Through the conscious and structured incorporation of economic, technological, and functional buildings and parks into the artistically designed landscape, the Garden Kingdom of Dessau-Wörlitz became an important concourse of ideas, in that it facilitated the convergence of 18th century grandeur of design with the beginnings of 19th century industrial society. The reforming outlook of this period brought about a huge diversity of change in the garden layout, and this legacy can still be experienced today.References:
The Moszna Castle is one of the best known monuments in the western part of Upper Silesia. The history of this building begins in the 17th century, although much older cellars were found in the gardens during excavations carried out at the beginning of the 20th century. Some of the investigators, including H. Barthel, claimed that those cellars could have been remnants of a presumed Templar castle, but their theory has never been proved. After World War II, further excavations discovered a medieval palisade.
The central part of the castle is an old baroque palace which was partially destroyed by fire on the night of April 2, 1896 and was reconstructed in the same year in its original form by Franz Hubert von Tiele-Winckler. The reconstruction works involved an extension of the residence. The eastern Neogothic-styled wing of the building was built by 1900, along with an adjacent orangery. In 1912-1914, the western wing was built in the Neo-Renaissance style. The architectural form of the castle contains a wide variety of styles, thus it can be generally defined as eclectic.
The height of the building, as well as its numerous turrets and spires, give the impression of verticalism. The whole castle has exactly ninety-nine turrets. Inside, it contains 365 rooms. The castle was twice visited by the German Emperor Wilhelm II. His participation in hunting during his stay at the castle was documented in a hand-written chronicle in 1911 as well as in the following year. The castle in Moszna was the residence of a Silesian family Tiele-Winckler who were industrial magnates, from 1866 until the spring of 1945 when they were forced to move to Germany and the castle was occupied by the Red Army. The period of the Soviet control caused significant damage to the castle's internal fittings in comparison to the minor damage caused by WWII.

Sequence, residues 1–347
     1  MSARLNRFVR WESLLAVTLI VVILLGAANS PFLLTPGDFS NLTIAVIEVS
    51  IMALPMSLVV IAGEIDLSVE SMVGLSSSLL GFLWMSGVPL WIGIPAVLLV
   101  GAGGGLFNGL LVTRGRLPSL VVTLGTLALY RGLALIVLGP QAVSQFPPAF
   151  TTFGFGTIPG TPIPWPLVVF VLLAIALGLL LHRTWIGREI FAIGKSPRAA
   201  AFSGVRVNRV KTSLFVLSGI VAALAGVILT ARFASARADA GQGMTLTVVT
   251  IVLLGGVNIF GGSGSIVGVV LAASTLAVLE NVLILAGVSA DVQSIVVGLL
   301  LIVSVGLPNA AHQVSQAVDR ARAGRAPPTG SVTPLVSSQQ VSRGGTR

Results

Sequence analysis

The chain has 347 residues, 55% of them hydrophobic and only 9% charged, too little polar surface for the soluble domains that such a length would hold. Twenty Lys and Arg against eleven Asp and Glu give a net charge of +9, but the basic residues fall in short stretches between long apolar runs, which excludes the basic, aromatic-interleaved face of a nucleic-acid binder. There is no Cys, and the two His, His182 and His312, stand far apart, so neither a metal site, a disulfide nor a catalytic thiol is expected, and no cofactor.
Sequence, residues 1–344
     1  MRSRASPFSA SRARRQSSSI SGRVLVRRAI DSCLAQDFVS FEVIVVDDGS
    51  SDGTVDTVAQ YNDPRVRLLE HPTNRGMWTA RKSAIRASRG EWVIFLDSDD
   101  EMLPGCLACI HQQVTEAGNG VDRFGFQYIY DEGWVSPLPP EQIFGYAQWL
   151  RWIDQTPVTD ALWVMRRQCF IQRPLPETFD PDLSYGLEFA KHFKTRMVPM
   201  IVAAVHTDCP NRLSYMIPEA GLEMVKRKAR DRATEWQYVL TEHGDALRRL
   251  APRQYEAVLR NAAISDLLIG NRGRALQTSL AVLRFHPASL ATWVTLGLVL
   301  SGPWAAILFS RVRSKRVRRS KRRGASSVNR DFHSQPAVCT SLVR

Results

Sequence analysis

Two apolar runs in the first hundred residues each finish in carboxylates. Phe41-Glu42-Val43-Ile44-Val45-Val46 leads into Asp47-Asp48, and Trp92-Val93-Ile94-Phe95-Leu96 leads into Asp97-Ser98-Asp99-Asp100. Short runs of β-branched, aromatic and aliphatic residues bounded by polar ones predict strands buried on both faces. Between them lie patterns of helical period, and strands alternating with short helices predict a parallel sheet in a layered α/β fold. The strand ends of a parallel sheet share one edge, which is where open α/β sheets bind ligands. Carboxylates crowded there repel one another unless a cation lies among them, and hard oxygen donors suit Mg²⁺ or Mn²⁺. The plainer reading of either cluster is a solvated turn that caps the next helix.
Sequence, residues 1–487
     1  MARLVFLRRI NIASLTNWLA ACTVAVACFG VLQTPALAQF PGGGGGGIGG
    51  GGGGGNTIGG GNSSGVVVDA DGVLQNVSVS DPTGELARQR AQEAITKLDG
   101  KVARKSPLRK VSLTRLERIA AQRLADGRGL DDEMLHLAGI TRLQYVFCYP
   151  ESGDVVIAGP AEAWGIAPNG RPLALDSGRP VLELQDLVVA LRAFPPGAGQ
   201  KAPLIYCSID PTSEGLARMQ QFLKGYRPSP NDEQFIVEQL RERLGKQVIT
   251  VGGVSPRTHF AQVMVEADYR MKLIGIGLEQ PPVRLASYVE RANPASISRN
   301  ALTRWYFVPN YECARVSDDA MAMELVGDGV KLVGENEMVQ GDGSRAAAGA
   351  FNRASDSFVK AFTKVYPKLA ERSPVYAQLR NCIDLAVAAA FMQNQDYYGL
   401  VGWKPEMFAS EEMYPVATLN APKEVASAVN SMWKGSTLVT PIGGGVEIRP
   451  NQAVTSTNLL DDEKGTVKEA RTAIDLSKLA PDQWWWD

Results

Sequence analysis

After World War II the castle did not have a permanent owner and was the home of various institutions until 1972 when it became a convalescent home. Later it became a Public Health Care Centre for Therapies of Neuroses. Nowadays it can be visited by tourists since the health institution has moved to another building in the neighbourhood. The castle also has a chapel which is used as a concert hall. Since 1998 the castle housed a gallery in which works of various artists are presented at regular exhibitions.
Apart from the castle itself, the entire complex includes a park which has no precise boundaries and includes nearby fields, meadows and a forest. Only the main axis of the park can be characterised as geometrical. Starting from the gate, it leads along the oak and then horse-chestnut avenues, towards the castle. Further on, the park passes into an avenue of lime trees with symmetrical canals running along both sides of the path, lined with a few varieties of rhododendrons. The axis of the park terminates at the base of a former monument of Hubert von Tiele-Winckler. On the eastern side of the avenue there is a pond with an islet referred to by the owners as Easter Island. The islet is planted with needle-leaved shrubs and can be reached by a Chinese-styled bridge. The garden, as part of the whole park complex was restored slightly earlier than the castle itself. Preserved documents of 1868 state that the improvement in the garden's aesthetic quality was undertaken by Hubert von Tiele-Winckler.